How much does it cost to have so many of these luxury cars? How much fuel is consumed per day? And where does this money come from if not from national funds that should be working to provide relief to the suffering of the vast number of children suffering from acute malnutrition? In any truly civilized society, people should be allowed to raise these legitimate questions without fear of repercussions. But in Sudan, and particularly here in Darfur, no one dares risk his or her life; deep in their hearts, however, many they are aware of vast corruption in a society that has become defined by the power of the elites at all levels.
“In this country, in the past, people suffered from these kinds of problems only in the month of Sambaria”: these are the words of Haji Noreen, a seventy-year-old disabled man who has lived in Zamzam camp since 2006:
“Sambaria” here refers to the “sambar” bird, which breeds in Sudan and migrates from it. This bird originally came to Sudan because of drought in Kenya and Tanzania. In western Sudan it is called “the Kargiyah,” meaning it brings news of rain.” When in the sky, the sambar signifies that the clouds are coming together and it will rain.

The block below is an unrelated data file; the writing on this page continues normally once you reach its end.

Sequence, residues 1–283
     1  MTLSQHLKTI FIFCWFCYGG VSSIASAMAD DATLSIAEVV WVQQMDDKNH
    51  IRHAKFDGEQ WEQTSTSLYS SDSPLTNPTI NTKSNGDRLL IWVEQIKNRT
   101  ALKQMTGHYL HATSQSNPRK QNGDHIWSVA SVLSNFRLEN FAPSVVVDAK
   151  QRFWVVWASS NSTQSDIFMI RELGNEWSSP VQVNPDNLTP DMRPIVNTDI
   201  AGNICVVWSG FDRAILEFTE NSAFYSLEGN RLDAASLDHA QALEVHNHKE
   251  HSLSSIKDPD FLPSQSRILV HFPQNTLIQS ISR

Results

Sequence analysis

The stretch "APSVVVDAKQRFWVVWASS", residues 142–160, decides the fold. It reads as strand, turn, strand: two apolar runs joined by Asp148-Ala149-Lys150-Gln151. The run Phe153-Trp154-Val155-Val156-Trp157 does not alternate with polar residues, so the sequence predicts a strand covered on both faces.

The “sambar” bird has been breeding in Sudan after previously breeding in Egypt, which it abandoned due to the lack of trees and water; so Sudan became its homeland. In western Sudan, and Darfur in particular, the term “Sambaria” is also very often used to symbolize the bleak food situation that comes between planting and the harvest season.
For Hajj Noreen, the bird’s signifies that hundreds of thousands of residents of Zamzam camp and other camps on the outskirts of the state capital, El Fasher, during what is known as the “hunger gap.” They are suffering from severe shortages of food and basic necessities. Haji Noreen said: “Here you will find that most of the people in the camp have not had breakfast in the morning because of scarcity and poverty. I myself, beginning in the morning, think about the rest of the day and hope that someone will invite me for a cup tea. Now, thanks to you, my daughters from Team Zamzam, you have made my day with this sugar which I crave so much.” He concluded saying: “We are forced to submit our destiny to the almighty Lord of the Lords, and we pray that He can ease our pain, suffering, and hunger.”